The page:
‘Supernova in a bottle’ will help create matter from light

In 1934, two physicists came up with a theory that described how to create matter from pure light. But they dismissed the idea of ever observing such a phenomenon in the laboratory because of the difficulties involved setting up such an experiment.

Now, Oliver Pike of Imperial College London and his colleagues have found a way to achieve this dream, 80 years after US physicists Gregory Breit and John Wheeler explained the theory. This group hopes to use high-energy lasers aimed at a specially designed gold vessel to convert photons into matter-antimatter particle pairs, recreating what happens in some exceptional stellar explosions.

Pike, who led the research published in the journal Nature Photonics, said, “The idea is that light goes in and matter comes out.” To be sure, the matter created won’t be every day-objects; instead the process will produce sub-atomic particles.

“To start with, the matter will consist of electrons and its antimatter equivalent positrons,” Pike said. “But with higher energy input in the lasers, we should be able to create heavier particles.”

Pike concedes this won’t be the first time light has been converted into matter. In 1997, US researchers at the Stanford Linear Accelerator Centre (SLAC) were able to do so, albeit in a different way.

The SLAC experiment used electrons to first create high-energy light particles, which then underwent multiple collisions to produce electrons and positrons, all within same chamber. This is called the multi-photon Breit-Wheeler process, named after the two physicists who came up with the theory in 1934.

“The key difference in the SLAC experiment and the one we propose is that our process will be more straightforward,” Pike said. In the new proposal, the laser beam will still be generated using free electrons, but it will be separated from the electrons.

Why create light using matter and then convert it back? Apart from showing that the Breit-Wheeler process can happen without the multiple photons the SLAC experiment needed, Pike thinks their process provides a clean way of doing particle physics experiments.

Current particle-physics experiments involve smashing sub-atomic particles at great speeds and sorting through the mess of new particles that are created in the explosion. This is how the Higgs boson was found in the Large Hadron Collider.

The new experimental design will be similar. Rather than involving a complicated mix of particles and photons, the laser beam will be sent into a small gold hohlraum (German for “empty room”). There, individual photons can interact with the radiation field that’s generated when the hohlraum is excited by a laser, creating the electron-positron pairs.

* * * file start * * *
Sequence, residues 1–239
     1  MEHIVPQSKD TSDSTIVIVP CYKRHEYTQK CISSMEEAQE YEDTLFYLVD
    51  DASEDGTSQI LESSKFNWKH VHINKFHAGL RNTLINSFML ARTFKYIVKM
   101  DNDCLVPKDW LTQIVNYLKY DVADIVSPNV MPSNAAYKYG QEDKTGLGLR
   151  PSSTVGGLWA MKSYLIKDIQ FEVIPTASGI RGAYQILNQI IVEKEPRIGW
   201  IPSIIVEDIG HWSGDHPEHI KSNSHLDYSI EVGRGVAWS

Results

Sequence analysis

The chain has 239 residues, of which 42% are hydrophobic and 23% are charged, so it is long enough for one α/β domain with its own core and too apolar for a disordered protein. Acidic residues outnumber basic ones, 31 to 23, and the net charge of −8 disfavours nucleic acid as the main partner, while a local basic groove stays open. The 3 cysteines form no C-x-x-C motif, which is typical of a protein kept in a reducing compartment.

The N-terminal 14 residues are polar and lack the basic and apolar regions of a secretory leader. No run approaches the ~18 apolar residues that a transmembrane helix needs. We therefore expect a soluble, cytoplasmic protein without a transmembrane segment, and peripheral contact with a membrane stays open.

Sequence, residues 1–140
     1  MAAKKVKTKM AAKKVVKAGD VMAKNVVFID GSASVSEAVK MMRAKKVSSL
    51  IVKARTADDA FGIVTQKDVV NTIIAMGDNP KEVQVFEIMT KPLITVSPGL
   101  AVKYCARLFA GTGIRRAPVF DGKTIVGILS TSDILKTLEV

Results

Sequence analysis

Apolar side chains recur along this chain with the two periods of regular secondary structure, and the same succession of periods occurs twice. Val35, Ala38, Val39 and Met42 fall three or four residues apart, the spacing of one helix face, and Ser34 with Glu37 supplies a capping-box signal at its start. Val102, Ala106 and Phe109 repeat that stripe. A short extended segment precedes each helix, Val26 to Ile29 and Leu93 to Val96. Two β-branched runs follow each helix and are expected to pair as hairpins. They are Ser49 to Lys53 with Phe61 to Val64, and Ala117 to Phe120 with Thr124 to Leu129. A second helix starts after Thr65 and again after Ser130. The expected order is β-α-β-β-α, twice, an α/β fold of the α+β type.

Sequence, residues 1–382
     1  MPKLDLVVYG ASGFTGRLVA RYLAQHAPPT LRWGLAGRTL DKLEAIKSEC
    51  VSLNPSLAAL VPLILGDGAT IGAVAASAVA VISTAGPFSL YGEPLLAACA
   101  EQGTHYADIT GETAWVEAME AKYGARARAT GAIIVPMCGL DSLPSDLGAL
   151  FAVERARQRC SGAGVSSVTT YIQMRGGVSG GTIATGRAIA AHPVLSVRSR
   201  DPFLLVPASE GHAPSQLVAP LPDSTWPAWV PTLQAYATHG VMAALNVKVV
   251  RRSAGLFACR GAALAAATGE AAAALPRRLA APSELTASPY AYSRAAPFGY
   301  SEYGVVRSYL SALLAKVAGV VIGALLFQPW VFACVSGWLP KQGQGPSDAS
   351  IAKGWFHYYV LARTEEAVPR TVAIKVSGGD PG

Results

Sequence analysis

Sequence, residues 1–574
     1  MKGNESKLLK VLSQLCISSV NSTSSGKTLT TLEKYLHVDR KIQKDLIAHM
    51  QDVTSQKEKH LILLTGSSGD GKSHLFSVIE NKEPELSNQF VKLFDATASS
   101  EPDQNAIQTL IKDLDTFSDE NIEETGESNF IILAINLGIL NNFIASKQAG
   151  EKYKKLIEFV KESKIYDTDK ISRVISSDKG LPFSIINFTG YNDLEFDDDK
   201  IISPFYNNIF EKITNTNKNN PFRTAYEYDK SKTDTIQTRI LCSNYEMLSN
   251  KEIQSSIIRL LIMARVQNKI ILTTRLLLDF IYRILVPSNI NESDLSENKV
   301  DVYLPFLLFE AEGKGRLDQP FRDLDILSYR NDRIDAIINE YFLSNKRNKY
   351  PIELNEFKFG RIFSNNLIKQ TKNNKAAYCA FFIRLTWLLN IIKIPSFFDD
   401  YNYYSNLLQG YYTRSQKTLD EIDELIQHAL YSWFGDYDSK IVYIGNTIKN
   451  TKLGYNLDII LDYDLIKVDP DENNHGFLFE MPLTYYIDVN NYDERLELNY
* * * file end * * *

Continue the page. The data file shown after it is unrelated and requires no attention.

“While physicists have excellent methods to sift through such data, our process has the advantage that it will be easier to analyse,” Pike said. “Light will go in from one end of the hohlraum and particles created will come out from the other end.”

Pike and colleagues are now working to secure time on high-energy laser beams to carry out the experiment. The two likely candidates are Aldermaston, Berkshire in the UK or Rochester, New York in the US.

Andrei Seryi at the University of Oxford found the work interesting, but warned it is still too far away from being used in particle-physics experiments. “Theoretically, however, it would be great if we are able to create particles from only light.”

“With such high energy lasers, we may not need to build big particle colliders, such as the Large Hadron Collider, which is a 22km underground tunnel,” Seryi said.

Even if we do manage to create a photon collider, we would only be catching up with the natural world, where a specific type of supernova, called “pair instability,” involves the creation of proton-antiproton pairs. If Pike is able to achieve this phenomenon, he will essentially be creating a supernova in a bottle.The Conversation

First published on The Conversation.

Jellyfish are the most energy efficient swimmers, new metric confirms

Even though a blue whale is much heavier than a tuna, the mammal consumes less energy per unit weight than the fish when they travel the same distance. For years, these sort of comparisons have dominated our understanding of the energy efficiency of animal movement, which is important for designing vehicles inspired by nature, such as underwater drones.

But Neelesh Patankar, professor of mechanical engineering at Northwestern University, believes that this measure has only limited benefit. Instead, with his colleagues, he has come up with a new measure that allows comparison of animals as small as bees or zebrafish with animals as large as albatrosses or blue whales.